'Batman v Superman' is entertaining enough, but falls well short of greatness
‘Batman v Superman’ is entertaining enough, but falls well short of greatness

There is a lot to consider in “Batman v Superman: Dawn of Justice” and, while the result is a net positive (just barely), I think we have reached the point where the degree of difficulty is so high in the superhero genre even achieving such a humble milestone will take a supersized effort.

What do I mean by that? Well, if “Batman v Superman” were the first superhero movie you had seen in the past decade, you would be absolutely gobsmacked at the spectacle, especially considering director Zack Snyder’s forte is stunning visuals.

The problem is this isn’t the first superhero movie you’ve seen in the past 10 years and, in fact, it might not even be your 20th (all those Spider-Men, X-Men, Iron Men, and Ant-Men start to add up quickly). You’ve seen these visuals before and, in some cases, the exact same visuals.

How many more times are we going to have to watch poor Thomas and Martha Wayne be gunned down in that alley behind the opera? The only events I think I’ve seen happen on screen more often are D-Day, the shootout at the OK Corral, and the crucifixion of Christ.

Superhero fatigue is real. Don’t believe me, just ask Deadpool. Giving an audience enough that is new, interesting and insightful in regards to these men in tights is more of a challenge than ever.

So here we are again as the DC cast of characters is following the Marvel playbook and bringing together familiar faces in yet another coming wave of team-ups, stand-alones, and crossovers.

“Batman v Superman” is a sequel of sorts to “Man of Steel,” where Henry Cavill returns as the toned and saintly Superman. But all of the wanton carnage, skyscraper demolition and thousands of casualties in Metropolis that served as that film’s finale that didn’t sit well with audiences apparently didn’t sit well with Bruce Wayne (as played by Ben Affleck), either.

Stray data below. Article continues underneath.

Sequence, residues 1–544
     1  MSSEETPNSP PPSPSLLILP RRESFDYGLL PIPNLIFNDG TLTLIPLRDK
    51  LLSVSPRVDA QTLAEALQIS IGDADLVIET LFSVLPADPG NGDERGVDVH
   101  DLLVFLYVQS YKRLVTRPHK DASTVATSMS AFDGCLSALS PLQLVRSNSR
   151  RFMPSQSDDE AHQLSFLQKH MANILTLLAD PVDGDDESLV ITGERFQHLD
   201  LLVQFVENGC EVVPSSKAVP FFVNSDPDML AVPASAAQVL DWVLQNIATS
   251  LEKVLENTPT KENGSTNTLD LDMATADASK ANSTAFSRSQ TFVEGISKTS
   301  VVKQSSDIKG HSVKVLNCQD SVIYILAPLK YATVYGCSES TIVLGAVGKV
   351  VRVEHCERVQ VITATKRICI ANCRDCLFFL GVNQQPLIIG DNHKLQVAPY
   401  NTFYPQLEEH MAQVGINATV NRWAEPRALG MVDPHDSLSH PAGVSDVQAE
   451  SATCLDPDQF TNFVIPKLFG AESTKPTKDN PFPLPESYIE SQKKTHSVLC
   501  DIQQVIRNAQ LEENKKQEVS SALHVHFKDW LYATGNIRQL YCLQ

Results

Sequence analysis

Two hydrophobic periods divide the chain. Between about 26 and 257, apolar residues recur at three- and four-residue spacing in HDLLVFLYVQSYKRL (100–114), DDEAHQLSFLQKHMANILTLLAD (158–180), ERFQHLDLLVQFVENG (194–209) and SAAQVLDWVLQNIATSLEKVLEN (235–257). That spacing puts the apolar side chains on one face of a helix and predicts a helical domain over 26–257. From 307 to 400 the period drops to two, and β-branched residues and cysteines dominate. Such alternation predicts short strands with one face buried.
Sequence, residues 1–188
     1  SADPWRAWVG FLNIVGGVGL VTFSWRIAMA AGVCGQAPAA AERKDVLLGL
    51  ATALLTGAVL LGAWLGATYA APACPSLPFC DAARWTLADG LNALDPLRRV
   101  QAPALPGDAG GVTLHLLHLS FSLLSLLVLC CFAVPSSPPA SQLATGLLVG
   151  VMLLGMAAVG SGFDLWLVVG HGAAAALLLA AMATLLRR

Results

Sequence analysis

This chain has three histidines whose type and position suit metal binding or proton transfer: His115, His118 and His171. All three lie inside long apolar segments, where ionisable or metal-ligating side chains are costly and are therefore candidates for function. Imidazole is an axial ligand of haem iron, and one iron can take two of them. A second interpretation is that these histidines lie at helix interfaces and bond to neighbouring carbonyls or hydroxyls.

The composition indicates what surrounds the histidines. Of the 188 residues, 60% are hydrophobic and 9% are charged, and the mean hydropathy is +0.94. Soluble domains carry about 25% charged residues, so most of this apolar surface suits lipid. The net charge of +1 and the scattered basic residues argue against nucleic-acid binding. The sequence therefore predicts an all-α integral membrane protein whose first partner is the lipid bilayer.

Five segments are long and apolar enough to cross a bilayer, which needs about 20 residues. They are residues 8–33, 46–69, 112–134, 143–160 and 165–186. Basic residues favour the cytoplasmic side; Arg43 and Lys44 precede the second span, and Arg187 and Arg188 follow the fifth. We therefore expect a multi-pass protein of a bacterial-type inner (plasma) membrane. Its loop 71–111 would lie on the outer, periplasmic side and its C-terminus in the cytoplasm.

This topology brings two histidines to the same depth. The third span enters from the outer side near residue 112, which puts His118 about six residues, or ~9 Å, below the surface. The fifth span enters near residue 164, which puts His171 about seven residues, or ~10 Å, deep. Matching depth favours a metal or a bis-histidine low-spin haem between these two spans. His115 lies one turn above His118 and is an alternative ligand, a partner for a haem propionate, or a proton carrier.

Across the bay in Gotham City (wait, is Gotham supposed to be like Oakland, or worse yet, New Jersey?), Batman is harboring some serious animosity regarding the unknowable intentions of an invincible alien, while Clark Kent isn’t too keen on the Dark Knight’s brand of vigilante justice.

Goading these two along an inevitable collision course is obnoxious tech billionaire and aspiring villain Lex Luthor (Jessie Eisenberg), whose motivations are more than a little murky. Is he an evil genius or an insane nut job? Apparently, it’s yes to both.

The cast actually delivers performances that are a notch or two above what the final product deserves; as aside from Eisenberg, there’s not a missed casting in the bunch. Affleck and Cavill are both worthy keepers of the cape and returning for quality turns are Amy Adams as Lois Lane and Laurence Fishburne as Perry White. Jeremy Irons is a home run as Batman’s dutiful butler Alfred and the introduction of Gal Gadot as a certain wondrous woman is easily the most intriguing character to come out of this movie.

There are quibbles to be made aplenty; most notably, clocking by at 151 minutes, this sucker is easily half an hour too long.

It’s clear Snyder is shooting for some Christopher-Nolan-level allegory regarding fear of the other and the danger of persecution, but he’s just not talented enough to pull it off and plot-wise the result is lumpy and uneven.

Now don’t worry, we’re not dealing with a travesty of Michael Bay proportions here. There is still plenty to be impressed with if you’re a fan of things blowing up and people punching each other. “Batman v Superman” is just entertaining and, yes, fun enough to be worth your time, but it falls well short of greatness and fails to feel as epic as the decades of debate held in musty basements and in the aisles of comic book stores leading up to this surely deserved.

“Batman v Superman: Dawn of Justice” is rated PG-13 for intense sequences of violence and action throughout and some sensuality.

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